Nasa's Curiosity Rover Finds Clues to How Water Helped Shape Martian Landscape

Observations by NASA's Curiosity Rover indicate Mars' Mount Sharp was built by sediments deposited in a large lake bed over tens of millions of years.


From ACM News

Titan's Giant Dunes Track Ancient Climate

Titan's Giant Dunes Track Ancient Climate

Long sand dunes that ripple across Saturn's moon Titan may have been there for thousands of years, results from NASA's Cassini spacecraft suggest.


From ACM TechNews

Engineer Applies Robot Control Theory to Improve Prosthetic Legs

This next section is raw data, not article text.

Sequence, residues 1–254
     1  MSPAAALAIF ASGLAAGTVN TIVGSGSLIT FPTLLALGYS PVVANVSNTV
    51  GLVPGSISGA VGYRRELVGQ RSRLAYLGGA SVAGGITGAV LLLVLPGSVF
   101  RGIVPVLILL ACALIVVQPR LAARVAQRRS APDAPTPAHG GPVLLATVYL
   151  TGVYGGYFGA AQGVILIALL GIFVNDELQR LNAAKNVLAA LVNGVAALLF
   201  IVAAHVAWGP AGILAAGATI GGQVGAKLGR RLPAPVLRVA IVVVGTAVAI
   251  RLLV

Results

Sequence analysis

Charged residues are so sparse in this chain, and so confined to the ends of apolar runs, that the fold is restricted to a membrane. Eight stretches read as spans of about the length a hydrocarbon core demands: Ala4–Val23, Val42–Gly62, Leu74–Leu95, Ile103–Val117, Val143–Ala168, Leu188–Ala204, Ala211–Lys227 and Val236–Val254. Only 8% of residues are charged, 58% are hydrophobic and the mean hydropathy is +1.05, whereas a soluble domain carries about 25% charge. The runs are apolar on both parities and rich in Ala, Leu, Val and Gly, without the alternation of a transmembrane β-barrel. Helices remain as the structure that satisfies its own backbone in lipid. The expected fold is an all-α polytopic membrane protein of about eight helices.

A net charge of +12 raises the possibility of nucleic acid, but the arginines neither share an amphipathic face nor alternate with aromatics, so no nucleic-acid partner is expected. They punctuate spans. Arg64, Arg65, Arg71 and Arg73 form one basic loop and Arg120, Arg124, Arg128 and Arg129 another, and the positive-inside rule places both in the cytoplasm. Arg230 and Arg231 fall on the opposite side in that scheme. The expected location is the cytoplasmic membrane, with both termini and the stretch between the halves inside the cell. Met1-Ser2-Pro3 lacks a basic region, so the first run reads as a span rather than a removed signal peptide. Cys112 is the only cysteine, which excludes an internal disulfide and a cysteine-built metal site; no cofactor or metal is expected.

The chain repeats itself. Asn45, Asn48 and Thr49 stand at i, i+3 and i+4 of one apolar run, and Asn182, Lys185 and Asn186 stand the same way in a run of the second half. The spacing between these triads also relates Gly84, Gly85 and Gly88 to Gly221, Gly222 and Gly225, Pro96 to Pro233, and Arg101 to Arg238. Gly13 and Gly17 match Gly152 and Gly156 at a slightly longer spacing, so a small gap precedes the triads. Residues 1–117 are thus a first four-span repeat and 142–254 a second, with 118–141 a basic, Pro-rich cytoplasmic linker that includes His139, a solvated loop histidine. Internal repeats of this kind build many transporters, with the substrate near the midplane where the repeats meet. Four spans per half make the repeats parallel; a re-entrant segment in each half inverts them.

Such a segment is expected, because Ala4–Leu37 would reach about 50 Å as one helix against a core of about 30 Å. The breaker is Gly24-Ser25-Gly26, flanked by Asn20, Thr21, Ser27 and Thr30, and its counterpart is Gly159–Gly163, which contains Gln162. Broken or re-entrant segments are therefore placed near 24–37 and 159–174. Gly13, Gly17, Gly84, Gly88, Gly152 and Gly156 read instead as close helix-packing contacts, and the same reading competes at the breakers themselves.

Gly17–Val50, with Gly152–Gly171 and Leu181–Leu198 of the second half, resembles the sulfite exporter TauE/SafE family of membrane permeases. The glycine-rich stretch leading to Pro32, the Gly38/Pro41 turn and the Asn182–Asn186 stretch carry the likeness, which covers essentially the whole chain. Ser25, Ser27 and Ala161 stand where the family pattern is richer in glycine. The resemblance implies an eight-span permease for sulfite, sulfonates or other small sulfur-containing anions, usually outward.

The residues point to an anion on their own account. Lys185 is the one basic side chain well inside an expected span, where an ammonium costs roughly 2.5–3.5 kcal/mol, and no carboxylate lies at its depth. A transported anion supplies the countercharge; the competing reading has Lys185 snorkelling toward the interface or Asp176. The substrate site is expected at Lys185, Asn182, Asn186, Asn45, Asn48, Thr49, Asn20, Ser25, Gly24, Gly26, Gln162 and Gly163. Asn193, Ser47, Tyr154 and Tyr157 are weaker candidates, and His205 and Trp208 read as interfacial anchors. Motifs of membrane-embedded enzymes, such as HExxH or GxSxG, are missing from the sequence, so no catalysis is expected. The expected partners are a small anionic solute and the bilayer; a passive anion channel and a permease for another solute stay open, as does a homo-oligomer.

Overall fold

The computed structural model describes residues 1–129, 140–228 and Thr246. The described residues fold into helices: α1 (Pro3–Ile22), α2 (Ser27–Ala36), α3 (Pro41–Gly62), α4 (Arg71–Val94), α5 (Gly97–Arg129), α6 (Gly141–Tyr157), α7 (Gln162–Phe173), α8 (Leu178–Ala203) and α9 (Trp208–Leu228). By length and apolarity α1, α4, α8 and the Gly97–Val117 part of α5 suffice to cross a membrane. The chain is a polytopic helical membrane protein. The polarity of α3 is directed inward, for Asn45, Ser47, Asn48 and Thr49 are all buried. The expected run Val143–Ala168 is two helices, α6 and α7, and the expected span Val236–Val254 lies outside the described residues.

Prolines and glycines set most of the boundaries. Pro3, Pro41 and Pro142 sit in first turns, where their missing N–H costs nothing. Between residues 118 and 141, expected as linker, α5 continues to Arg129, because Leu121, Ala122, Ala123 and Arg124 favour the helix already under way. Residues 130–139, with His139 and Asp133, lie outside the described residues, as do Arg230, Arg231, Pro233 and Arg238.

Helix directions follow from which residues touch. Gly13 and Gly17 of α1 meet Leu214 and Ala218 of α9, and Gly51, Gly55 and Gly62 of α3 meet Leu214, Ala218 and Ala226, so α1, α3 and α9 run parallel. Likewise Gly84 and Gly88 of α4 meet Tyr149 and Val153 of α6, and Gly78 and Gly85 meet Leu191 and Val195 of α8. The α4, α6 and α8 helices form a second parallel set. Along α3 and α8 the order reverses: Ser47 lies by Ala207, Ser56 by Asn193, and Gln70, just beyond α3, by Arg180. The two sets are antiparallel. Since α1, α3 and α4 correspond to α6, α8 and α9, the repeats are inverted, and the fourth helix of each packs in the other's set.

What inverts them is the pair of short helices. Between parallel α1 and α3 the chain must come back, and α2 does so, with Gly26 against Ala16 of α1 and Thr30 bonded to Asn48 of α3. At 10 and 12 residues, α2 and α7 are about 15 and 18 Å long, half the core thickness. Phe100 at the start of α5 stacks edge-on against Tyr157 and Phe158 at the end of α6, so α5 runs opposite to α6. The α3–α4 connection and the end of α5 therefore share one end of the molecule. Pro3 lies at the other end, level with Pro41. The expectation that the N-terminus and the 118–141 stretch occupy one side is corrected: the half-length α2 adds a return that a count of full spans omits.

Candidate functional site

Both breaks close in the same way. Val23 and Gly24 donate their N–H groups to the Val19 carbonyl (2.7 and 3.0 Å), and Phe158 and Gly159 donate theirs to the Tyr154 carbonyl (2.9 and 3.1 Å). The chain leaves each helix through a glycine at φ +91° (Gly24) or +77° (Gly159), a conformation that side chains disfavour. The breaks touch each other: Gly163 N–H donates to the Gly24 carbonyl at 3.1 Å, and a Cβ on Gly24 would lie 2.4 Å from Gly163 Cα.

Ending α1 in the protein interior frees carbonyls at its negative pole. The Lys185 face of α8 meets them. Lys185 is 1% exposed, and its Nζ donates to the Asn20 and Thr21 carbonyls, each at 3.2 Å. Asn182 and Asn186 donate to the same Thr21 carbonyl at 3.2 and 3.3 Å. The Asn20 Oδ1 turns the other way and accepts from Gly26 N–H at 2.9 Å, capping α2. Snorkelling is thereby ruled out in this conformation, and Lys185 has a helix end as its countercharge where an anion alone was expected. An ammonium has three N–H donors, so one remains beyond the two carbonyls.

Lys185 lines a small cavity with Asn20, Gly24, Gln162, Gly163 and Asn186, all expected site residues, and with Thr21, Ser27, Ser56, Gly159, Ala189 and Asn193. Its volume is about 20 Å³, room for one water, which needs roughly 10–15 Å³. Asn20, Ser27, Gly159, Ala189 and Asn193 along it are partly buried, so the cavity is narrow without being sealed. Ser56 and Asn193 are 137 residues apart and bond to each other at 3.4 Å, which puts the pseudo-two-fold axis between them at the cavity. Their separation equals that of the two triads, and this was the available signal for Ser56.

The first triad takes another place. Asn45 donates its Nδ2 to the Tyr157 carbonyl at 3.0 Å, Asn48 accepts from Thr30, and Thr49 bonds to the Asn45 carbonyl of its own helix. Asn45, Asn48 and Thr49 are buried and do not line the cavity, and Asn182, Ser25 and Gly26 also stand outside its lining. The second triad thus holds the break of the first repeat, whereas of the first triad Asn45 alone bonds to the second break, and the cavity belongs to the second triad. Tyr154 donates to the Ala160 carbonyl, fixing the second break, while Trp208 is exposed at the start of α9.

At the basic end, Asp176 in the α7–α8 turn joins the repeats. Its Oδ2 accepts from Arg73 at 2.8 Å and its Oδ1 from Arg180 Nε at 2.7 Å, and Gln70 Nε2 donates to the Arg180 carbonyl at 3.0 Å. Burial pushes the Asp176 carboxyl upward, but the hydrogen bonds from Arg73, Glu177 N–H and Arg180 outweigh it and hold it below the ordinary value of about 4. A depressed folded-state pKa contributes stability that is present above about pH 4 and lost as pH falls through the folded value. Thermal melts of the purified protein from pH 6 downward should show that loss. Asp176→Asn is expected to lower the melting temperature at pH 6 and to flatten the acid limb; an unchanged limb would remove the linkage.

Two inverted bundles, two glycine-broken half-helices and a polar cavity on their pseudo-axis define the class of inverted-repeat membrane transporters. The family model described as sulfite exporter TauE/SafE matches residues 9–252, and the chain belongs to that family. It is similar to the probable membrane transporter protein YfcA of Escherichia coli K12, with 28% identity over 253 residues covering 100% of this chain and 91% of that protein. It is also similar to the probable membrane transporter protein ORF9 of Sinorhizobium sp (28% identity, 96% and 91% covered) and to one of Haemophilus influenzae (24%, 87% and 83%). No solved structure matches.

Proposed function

Engineer Applies Robot Control Theory to Improve Prosthetic Legs

University of Texas at Dallas researchers have applied robot control theory to enable powered prosthetics to help amputees walk. 


From ACM TechNews

U. Michigan Fronts Effort to Push Https Net Security

U. Michigan Fronts Effort to Push Https Net Security

A University of Michigan research team is leading a project to provide free, automated, open, and ubiquitous website HTTPS Transport Layer Security encryption.


From ACM News

'nanobuds' Could Turn Almost Any Surface Into a Touch Sensor

'nanobuds' Could Turn Almost Any Surface Into a Touch Sensor

Transparent films containing carbon nanobuds—molecular tubes of carbon with ball-like appendages—could turn just about any surface, regardless of its shape, into a touch sensor.


From ACM TechNews

Google Says Bye Bye, Captchas, Well, Mostly